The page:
• Toggle Detail View (shortcut Ctrl+T) for toggling between the list and the detail view (multiple windows with each displaying a separate part of the columns, see below)
  • Show/hide foreign Record (Ctrl-B) for displaying the associated foreign table in a second window below with the corresponding record already selected.

You can specify per sheet whether not to have any warnings about refreshing, deleting, inserting and storing data by checking "always OK & don't display for this DB sheet !" in the confirmation message box that appears:

The refreshing of data when switching between DBsheets (entering/activating a DBsheet) can be enforced by setting Public Const enforceRefresh = True, thus displaying the warning message when pressing Cancel:

When selecting "toggle Detail View" (shortcut Ctrl+T), the list view switches to a "detail view", where all data of one row tries to be displayed in one window:

This is achieved by opening multiple windows (views) on the same worksheet, with each view being one page offset to the right. You can switch between these windows with Ctrl+Tab (forth) and Ctrl+Shift+Tab (back). If the DBSheet is the only (visible) workbook, then this will truly cycle through all the detail windows, otherwise the other workbooks will pop up from behind. The last selected row is displayed in light green, which eases navigation in detail windows (when having > 100 columns or very wide columns the single detail windows are rather narrow).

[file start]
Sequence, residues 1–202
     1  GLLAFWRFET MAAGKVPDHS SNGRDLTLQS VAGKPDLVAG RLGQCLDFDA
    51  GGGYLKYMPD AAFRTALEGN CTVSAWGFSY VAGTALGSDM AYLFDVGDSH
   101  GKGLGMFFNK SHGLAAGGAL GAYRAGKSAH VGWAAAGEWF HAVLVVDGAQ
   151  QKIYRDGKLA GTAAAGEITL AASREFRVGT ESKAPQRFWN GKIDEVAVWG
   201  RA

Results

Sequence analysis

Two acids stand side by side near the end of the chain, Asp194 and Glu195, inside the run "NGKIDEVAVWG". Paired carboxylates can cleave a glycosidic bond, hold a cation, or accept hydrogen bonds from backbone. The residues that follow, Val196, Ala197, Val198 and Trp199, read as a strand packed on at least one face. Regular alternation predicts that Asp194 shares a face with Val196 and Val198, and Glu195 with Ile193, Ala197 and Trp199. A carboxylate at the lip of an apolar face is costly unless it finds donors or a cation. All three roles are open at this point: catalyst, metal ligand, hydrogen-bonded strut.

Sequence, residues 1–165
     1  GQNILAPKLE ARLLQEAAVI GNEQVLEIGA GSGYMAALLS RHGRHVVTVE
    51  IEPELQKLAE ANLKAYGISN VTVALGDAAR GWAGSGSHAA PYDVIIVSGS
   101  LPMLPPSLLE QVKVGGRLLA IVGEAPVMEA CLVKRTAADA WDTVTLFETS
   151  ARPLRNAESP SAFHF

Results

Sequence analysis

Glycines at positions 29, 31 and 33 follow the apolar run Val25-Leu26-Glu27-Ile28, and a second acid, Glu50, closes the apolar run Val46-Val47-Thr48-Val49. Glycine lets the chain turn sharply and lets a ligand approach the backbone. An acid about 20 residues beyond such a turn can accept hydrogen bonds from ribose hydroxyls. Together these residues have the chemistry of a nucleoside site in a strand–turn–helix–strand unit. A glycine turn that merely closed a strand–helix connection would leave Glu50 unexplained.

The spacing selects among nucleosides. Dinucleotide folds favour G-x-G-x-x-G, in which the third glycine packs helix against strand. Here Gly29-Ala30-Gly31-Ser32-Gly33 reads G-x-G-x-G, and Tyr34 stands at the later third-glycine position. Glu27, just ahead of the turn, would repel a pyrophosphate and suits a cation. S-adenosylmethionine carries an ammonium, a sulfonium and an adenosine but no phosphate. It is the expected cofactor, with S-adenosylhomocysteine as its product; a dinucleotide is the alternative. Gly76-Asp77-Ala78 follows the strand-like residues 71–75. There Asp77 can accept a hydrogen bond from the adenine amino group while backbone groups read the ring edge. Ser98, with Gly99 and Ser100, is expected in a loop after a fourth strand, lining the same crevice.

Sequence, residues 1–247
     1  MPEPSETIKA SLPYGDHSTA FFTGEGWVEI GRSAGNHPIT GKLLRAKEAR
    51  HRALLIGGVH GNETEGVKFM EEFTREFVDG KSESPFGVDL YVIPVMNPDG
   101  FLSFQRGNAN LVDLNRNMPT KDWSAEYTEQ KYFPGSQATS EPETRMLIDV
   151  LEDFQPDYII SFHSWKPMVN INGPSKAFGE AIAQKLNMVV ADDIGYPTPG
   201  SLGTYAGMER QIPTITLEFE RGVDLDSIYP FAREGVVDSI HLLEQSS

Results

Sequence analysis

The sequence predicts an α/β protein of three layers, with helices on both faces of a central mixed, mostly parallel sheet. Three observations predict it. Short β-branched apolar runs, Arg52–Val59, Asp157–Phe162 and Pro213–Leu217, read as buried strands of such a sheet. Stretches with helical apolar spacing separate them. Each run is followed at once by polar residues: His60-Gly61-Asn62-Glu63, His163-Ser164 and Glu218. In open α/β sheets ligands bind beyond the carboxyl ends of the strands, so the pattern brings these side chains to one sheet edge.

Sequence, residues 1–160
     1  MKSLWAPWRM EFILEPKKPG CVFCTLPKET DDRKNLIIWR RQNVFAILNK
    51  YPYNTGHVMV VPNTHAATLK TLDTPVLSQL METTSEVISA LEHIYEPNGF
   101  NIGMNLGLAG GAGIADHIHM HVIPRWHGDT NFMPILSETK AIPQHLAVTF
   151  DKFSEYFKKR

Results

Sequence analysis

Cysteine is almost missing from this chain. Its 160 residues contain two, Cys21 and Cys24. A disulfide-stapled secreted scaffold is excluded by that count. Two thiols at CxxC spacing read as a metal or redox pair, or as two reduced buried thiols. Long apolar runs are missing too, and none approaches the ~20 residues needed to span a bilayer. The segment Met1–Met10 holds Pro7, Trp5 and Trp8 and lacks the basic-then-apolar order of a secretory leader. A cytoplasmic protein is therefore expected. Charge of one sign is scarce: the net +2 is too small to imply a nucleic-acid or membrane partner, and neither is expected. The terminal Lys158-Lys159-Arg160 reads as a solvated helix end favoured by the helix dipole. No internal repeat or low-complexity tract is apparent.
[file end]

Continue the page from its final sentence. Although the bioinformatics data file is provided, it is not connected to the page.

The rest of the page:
You can switch back to the list view again by selecting "toggle Detail View" again.

If calculated columns were defined, the topmost formula in that column is always preserved when refreshing the DBSheet, being autofilled down after every refresh. When saving, only those rows are stored where underlying (real) data has been edited, changed data from calculations are not stored. This behaviour can be overruled by setting the DBsheet behaviour parameter enforceSaveAllWhenCalcColumns, which saves all rows as edited, regardless of whether they have been really edited or not. Beware that this behaviour makes saving very slow for large tables…

The header row contains all the definitions in comments, where the comment in cell A1 contains the following information in XML format:

  1. The query for fetching the main table data to be edited
  2. The connection ID referring to the central definitions for all corresponding DBSheets, mainly being the database and the server where data should be fetched from